Of course, you can trade-off time for temperature; hence Praties cookbook which suggests a lower temperature, rather than a shorter time, when using a glass pan in the oven.
post #7 of 16

Glass vs metal

Hi,

I agree with all you on what you say on this issue. But been doing research and calling test kitchens,because what i have been comming up with and if you have a box of ghirardelli brownix mix you will see what I am talking about,it says 325 oven temp. for metal or glass,but baking time for metal is less than glass. Thats when i started my checking on this issue, The test kitchen replied:"glass takes longer to bake than metal". This really is the opp. of what i been taught and what is said on this site. Being totally not understanding i went out looking for a right answer and found on web sites, one Being ABOUT.com On making brownies it says in video and ingr. list that metal pans bake faster than glass. Also a web site call CHOW OR CHOW HOUND Section there called Baked or burnt does it matter whether you use metal or glass. They say glass takes longer too, you need to add extra baking time. Very Confused on this would like to hear from any one that could help me figure out which you are suppose to go by.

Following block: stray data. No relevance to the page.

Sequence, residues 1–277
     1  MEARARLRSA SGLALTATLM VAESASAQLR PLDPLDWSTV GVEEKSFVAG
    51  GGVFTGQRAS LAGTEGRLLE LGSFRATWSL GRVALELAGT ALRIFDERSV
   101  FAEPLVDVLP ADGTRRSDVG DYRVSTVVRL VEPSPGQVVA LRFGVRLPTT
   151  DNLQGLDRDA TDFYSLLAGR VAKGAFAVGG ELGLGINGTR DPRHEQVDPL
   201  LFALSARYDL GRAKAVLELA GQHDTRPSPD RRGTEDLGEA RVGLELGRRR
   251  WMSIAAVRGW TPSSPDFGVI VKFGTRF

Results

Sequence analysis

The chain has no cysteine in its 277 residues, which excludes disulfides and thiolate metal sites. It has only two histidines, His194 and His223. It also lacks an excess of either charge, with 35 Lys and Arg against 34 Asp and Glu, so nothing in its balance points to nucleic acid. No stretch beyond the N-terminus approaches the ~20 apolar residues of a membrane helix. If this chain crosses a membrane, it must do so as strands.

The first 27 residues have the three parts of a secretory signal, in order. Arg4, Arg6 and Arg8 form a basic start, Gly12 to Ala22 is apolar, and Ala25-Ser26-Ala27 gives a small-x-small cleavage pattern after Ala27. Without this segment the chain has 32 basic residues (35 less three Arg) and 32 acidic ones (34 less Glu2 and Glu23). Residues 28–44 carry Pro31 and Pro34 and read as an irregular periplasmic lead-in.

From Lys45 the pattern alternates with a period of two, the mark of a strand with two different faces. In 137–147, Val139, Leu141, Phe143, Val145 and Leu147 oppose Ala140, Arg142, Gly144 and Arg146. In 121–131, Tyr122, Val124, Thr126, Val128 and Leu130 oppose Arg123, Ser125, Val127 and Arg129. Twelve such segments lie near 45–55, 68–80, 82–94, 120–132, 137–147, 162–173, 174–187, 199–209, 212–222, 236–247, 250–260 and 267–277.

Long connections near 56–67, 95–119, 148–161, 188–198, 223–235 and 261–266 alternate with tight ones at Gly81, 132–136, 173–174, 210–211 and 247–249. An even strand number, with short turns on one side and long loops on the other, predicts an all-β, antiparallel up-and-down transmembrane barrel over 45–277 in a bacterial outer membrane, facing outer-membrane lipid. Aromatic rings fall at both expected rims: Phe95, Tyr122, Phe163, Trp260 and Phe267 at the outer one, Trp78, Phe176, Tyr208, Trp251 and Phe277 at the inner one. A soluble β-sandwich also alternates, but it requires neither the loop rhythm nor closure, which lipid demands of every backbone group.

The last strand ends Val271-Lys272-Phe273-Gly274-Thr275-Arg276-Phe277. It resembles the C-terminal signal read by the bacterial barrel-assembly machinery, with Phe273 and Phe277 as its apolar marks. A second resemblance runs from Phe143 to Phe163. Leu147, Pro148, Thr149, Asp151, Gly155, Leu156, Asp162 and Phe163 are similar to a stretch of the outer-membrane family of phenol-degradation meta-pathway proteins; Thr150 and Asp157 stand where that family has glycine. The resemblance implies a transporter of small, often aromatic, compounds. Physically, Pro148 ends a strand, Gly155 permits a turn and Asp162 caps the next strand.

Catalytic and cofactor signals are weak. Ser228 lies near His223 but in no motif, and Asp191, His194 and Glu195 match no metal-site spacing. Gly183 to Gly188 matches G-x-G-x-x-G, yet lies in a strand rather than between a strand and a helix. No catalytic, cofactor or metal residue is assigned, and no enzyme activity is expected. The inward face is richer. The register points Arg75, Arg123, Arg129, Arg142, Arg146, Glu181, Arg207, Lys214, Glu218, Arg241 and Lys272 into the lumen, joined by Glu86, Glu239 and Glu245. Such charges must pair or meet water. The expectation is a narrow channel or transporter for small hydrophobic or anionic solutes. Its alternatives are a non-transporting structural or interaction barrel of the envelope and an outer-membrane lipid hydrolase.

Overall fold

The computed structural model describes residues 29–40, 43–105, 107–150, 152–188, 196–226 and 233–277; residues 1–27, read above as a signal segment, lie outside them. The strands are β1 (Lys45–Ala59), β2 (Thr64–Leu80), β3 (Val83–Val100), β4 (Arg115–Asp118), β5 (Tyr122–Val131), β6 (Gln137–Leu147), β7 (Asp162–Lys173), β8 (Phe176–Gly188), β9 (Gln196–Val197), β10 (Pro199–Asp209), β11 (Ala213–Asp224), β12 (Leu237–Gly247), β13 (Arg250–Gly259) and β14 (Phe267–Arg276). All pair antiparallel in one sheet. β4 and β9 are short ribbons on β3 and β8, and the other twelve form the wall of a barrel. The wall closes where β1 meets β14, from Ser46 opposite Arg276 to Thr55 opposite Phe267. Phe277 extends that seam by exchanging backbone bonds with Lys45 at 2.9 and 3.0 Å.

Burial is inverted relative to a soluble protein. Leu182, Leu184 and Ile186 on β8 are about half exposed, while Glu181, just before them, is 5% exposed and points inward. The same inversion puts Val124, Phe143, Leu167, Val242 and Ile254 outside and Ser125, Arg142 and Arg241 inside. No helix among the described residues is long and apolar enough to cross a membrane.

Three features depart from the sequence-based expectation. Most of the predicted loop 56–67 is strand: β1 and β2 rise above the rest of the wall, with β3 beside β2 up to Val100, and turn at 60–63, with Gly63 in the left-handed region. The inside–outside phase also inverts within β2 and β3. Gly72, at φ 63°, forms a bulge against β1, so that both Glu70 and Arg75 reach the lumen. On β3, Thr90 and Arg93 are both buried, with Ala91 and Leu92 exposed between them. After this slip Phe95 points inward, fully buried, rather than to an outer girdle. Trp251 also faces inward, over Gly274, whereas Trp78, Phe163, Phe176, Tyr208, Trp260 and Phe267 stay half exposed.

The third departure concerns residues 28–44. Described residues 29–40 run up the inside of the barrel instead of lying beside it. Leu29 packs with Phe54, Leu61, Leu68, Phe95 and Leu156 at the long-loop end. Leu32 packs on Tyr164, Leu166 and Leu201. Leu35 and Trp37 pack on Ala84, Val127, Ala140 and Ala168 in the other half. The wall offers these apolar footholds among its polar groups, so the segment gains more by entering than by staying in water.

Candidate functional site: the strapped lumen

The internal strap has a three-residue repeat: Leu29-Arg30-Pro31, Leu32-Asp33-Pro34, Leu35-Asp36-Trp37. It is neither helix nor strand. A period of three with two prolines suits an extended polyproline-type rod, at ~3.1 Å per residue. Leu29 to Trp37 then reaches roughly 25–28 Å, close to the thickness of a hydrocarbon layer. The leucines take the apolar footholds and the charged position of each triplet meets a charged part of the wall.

Bohh
post #8 of 16

Glass vs metal

Any ones comments or help on this matter would be appr..

Bohh
post #9 of 16
Whats your alttitude?
post #10 of 16

Glass vs metal

I never had to change anything for alittude. It doesnt apply to me.

Bohh
post #11 of 16

Glass vs metal

Hi,

Any suggestions on this matter?

Thanks
Bohh
post #12 of 16

Glass vs metal

Doesnt any one have any insight or thoughts on this?:crazy:
post #13 of 16
Just cook, And be happy +or- a degree or so will not be noticable. Jeeshhh:chef: Although glass in cooking tends to crack every now and then.
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http://www.frappr.com/chefsunited
One time a guy pulled a knife on me. I could tell it wasn't a professional job; it had butter on it.- Rodney Dangerfield -


'We're ALL amateurs; It's just that some of us are more professional about it than others'. - George Carlin
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post #14 of 16
I never change the temperature of a recipe when I use a glass baking pan or pie pan. I see no downside at all to maintaining the regular temp.
post #15 of 16
I'm confused about the whole shiny pan/black pan thing. Black absorbs light while light or shiny reflects it, but.... it's dark in the oven so shiny or dark would all be the same in the absence of light. You might have a light on in the oven, but that's not the heat source that cooks the food.
post #16 of 16

Glass vs metal

thanks every one for your help.

Bohh